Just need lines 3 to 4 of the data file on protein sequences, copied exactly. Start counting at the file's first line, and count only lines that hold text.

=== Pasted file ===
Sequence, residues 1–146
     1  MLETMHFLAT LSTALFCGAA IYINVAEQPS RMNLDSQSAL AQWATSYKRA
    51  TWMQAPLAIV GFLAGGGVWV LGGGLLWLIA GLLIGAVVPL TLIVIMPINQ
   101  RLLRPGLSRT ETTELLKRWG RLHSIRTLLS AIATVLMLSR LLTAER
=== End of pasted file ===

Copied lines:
    51  TWMQAPLAIV GFLAGGGVWV LGGGLLWLIA GLLIGAVVPL TLIVIMPINQ
   101  RLLRPGLSRT ETTELLKRWG RLHSIRTLLS AIATVLMLSR LLTAER